EDIT: What I forgot about with the lithium option is that it also reacts with Oxygen and Nitrogen, but it was a fun thought while it lasted. Thanks to Dmitry for the comment.
If you have access to a manufacturer that can do some tricks with metals, you could do a trial run of a small resistor-type component with an exposed lithium link.
Lithium reacts with water, but not quick or violently enough to melt or explode. I have no idea how "legal" that would be though, because it will outgas. And well, lithium is scary now.
And you will have to "dessicate" the box before revealing the lithium, or it might start oxidising with the existing moisture level in the air present.
Otherwise you could make a leakage sensor strip that triggers a destructive process with a MOSFET or some such.
simulate this circuit – Schematic created using CircuitLab
If the leakage between the traces (make them without Soldermask and possibly ENIG?) starts beating the 22M resistor it will start shorting out the power, draining a lot through the fuse, it will "vaporise" soon enough.
It may be needed to make it a two-stage system, because this can take a while to start conducting through the MOSFET and you don't want it to break, because that is your safety, like this:
simulate this circuit
In this case the MOSFET will only need to start conducting a few mA for the PNP transistor to boost that up nice and strong, making the reaction much quicker.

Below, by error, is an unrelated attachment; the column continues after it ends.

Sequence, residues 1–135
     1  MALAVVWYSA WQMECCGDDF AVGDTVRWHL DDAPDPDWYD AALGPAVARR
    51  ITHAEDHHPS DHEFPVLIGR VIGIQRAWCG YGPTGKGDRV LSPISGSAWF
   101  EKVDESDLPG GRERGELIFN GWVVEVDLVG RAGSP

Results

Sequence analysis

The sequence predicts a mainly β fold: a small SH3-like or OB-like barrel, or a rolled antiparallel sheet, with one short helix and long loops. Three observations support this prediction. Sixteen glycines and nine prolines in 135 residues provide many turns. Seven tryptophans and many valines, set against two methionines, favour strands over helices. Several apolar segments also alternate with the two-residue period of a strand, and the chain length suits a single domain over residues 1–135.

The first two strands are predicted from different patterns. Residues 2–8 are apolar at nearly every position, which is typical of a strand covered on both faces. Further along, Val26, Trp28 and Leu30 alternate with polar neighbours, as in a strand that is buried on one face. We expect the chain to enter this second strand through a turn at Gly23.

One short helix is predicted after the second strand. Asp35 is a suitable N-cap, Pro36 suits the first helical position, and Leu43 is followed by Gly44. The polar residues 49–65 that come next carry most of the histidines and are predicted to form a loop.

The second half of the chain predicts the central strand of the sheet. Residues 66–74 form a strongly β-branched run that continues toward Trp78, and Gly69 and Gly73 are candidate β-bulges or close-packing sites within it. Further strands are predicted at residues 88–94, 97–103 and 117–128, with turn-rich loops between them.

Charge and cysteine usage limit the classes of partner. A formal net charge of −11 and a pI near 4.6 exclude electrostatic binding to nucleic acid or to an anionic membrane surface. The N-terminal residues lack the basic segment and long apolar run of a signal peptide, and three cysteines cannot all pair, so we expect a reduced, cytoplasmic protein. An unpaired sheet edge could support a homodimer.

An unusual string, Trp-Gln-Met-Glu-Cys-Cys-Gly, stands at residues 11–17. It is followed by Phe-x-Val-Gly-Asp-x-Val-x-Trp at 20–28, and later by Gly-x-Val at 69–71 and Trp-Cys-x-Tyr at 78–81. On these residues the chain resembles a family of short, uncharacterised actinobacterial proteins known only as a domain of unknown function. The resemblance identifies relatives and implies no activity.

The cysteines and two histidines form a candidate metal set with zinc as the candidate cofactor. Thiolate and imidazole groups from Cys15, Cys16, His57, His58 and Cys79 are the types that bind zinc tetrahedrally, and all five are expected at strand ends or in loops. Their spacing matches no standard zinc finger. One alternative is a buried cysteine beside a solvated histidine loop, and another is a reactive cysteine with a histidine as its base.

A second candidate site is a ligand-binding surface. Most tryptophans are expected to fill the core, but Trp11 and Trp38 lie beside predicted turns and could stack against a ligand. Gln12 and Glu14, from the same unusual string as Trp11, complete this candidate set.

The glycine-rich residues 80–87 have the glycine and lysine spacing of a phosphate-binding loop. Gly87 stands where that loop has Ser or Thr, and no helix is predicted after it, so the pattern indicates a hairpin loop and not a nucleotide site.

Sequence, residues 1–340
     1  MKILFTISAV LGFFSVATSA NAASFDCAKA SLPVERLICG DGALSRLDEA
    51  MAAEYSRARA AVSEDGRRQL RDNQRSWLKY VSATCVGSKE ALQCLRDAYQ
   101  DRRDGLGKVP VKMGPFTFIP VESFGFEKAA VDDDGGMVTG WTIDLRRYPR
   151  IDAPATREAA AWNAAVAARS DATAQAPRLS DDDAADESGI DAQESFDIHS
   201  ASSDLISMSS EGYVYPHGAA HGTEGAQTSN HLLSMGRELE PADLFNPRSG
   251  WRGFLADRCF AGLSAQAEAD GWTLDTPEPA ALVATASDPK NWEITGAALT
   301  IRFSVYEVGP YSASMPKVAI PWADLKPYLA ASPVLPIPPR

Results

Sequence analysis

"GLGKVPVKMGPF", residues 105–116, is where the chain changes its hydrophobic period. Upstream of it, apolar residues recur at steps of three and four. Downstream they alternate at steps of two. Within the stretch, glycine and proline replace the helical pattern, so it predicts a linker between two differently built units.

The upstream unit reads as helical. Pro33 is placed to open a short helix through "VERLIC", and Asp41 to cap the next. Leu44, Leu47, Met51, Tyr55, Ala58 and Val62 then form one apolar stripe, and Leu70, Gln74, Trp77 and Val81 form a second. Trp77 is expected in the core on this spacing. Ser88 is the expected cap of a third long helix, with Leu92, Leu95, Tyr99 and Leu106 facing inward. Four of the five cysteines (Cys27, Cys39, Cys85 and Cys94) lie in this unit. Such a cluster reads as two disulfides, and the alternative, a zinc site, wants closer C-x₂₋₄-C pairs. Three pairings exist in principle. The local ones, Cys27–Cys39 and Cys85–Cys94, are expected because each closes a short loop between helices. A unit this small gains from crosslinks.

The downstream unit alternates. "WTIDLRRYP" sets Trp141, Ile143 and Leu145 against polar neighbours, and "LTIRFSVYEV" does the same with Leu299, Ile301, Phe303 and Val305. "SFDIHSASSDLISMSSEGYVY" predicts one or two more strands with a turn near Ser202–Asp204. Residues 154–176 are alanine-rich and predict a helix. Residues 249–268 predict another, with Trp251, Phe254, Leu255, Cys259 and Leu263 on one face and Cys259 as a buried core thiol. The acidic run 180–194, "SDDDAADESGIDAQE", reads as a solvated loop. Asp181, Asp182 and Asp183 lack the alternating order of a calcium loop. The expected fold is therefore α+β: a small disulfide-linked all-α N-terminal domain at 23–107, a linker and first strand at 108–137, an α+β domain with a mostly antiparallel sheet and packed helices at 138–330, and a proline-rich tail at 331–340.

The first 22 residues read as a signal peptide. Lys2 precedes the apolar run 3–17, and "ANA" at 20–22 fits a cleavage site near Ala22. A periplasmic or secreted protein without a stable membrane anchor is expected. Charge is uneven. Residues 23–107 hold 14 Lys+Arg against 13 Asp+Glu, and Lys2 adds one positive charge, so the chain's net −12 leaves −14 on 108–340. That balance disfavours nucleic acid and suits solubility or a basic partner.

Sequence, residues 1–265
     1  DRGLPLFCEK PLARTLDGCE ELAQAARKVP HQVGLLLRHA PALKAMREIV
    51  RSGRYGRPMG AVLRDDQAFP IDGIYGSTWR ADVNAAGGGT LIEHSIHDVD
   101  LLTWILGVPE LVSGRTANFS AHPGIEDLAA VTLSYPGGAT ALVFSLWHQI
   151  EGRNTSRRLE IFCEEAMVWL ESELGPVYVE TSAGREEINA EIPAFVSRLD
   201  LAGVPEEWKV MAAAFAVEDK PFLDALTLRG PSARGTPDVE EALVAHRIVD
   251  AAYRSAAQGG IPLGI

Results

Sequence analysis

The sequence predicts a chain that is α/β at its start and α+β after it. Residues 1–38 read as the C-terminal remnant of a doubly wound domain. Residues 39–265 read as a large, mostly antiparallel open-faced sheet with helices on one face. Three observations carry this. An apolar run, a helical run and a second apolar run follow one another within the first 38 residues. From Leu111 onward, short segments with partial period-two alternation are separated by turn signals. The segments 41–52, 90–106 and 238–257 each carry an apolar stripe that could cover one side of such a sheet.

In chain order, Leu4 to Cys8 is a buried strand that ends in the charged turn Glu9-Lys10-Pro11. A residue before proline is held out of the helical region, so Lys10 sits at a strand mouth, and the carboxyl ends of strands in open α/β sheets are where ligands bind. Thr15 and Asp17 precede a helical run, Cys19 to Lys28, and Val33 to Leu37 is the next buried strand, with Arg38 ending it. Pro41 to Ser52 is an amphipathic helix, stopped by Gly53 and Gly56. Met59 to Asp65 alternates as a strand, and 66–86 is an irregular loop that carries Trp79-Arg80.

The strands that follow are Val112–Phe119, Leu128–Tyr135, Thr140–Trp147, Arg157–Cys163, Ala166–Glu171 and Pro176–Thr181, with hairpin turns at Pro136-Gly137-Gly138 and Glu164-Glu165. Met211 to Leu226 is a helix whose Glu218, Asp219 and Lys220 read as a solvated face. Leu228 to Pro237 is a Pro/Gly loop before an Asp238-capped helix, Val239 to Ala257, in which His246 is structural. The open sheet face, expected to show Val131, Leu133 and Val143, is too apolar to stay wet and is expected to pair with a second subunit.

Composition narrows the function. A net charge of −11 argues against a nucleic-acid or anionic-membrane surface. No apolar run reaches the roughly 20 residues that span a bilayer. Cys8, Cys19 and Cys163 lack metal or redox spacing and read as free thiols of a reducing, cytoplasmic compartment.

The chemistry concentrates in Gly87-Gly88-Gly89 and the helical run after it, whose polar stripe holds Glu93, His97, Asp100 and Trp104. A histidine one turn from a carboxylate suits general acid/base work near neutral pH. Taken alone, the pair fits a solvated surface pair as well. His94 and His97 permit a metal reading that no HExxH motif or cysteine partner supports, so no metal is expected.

You can also put a P-MOST in place of the PNP, this will really boost up the reaction, but it might also become "too hair-trigger". If you make the pinch-off resistor (R3) even larger with the P-MOST it might start triggering with tiny little spikes of leakage that you might still want to ignore.
But you have to realise that this will always only "sense" where you put it on the board. The advantage of this is, with a fuse on the input you can riddle the board with shorting-mosfets that will blow the fuse. If the current consumption of your device is low, you can keep the fuse small and you could use SOT323 type tiny transistors, wasting little space.
You will need to tune the component values (and types: PNP/P-MOST) during some tests, you can estimate the initial values for the 22M resistor when you know the distance between the interlocking traces and what kind of water creeps in. I'd advise you to make the interlocking traces the once with the least clearance on the board, that gives you some safety: They'll be the first to start leaking noticeably.